Courts do not have feelings and do not argue. Write that the court noted, articulated, stated, reasoned, or recognized something, not that it felt, believed, or argued something.
Use the past tense to describe the facts in a decided case and what a court stated or did. Examples: –The court in Hill stated [not states] that the rule is based on sound public policies. –In Hill, a pit bull bit [not bites] a child. Courts, not cases, make statements. Therefore, write “the court in Hill stated” or “the Hill court stated,” not “Hill stated.”
On the other hand, express the rule from a case in the present tense. Example: In Hill, the court held that an owner of a dangerous animal is [not was] strictly liable for injuries caused by the animal.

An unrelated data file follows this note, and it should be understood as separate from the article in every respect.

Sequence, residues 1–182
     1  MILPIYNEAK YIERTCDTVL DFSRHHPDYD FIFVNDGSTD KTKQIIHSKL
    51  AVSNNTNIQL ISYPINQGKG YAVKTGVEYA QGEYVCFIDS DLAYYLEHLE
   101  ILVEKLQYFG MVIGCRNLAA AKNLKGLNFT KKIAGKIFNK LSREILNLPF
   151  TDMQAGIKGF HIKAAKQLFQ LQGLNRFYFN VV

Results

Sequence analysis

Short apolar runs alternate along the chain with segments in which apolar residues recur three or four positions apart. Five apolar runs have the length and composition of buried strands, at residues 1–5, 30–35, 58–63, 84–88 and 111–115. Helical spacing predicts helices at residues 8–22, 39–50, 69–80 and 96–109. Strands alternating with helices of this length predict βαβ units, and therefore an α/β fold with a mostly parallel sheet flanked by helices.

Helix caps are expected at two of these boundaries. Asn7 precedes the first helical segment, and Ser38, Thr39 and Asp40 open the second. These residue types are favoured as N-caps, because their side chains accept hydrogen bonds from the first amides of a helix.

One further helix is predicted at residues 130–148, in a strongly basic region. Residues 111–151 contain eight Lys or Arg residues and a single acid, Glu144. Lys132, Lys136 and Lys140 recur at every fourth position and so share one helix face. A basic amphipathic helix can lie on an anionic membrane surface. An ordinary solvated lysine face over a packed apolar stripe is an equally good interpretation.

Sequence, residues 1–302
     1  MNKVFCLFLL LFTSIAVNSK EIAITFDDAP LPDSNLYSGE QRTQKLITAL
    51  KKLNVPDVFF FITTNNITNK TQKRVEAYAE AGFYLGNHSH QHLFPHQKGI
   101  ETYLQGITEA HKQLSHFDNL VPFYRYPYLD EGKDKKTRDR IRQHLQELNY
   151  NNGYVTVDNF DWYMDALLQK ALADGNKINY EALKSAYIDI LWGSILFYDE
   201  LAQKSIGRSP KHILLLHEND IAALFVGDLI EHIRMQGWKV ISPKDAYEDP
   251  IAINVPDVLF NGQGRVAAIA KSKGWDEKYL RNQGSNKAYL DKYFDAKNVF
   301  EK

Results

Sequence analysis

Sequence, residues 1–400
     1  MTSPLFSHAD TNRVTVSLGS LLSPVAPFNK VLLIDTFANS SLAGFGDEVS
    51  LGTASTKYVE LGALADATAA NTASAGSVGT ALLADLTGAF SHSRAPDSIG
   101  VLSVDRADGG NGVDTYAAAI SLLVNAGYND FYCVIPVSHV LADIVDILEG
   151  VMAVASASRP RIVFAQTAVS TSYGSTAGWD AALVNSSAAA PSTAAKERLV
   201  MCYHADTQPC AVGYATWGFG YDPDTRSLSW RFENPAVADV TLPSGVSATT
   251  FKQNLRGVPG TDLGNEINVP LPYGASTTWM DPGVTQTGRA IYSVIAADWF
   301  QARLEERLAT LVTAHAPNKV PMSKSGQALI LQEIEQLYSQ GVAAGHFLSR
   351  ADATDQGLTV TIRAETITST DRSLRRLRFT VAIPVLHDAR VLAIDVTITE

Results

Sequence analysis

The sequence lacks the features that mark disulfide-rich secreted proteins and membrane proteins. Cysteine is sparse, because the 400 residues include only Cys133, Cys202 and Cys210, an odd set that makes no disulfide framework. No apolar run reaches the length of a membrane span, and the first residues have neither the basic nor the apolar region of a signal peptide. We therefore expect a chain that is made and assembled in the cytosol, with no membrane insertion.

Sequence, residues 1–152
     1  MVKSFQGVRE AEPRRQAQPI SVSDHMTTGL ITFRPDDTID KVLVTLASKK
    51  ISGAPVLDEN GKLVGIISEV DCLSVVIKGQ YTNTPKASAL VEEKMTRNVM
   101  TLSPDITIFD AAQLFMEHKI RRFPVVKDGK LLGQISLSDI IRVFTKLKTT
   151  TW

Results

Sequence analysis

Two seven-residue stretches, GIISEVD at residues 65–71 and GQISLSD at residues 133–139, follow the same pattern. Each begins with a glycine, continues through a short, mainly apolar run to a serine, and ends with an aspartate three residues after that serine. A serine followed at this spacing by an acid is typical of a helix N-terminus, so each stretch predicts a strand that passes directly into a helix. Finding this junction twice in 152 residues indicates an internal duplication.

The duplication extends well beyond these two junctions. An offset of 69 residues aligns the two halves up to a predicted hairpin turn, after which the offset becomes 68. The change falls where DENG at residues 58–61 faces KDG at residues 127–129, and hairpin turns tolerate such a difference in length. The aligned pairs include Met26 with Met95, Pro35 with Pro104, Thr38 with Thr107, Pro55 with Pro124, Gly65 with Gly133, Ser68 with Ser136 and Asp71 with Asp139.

Use the present tense when referring to statutes and rules. Example: Section states [not stated] that if a limited remedy fails to satisfy its essential purpose, the buyer can resort to other remedies. Exception: When discussing the former text of a statute or rule that has since been amended, use the past tense. Example: Prior to the 2004 amendments, section stated....
Refer to the parties in your case (not in decided cases) by their proper names, unless their litigation roles are more persuasive. Using a party’s name rather than “Plaintiff” or “Petitioner” prevents confusion and makes your case more vivid. Generally, avoid using first names alone. Omit titles such as Mr., Ms., and Mrs.
Introduce short-form names efficiently, and capitalize them. Examples: –[Correct] This case involves a dispute between Daniel Simon and Janet Garcia. Simon and Garcia entered into a contract in –[Correct] Paul Young, William Luther, and Joe Jones (“the Buyers”) are Colorado residents. –[Incorrect] Paul Young, William Luther, and Joe Jones (“the buyers”) are Colorado residents.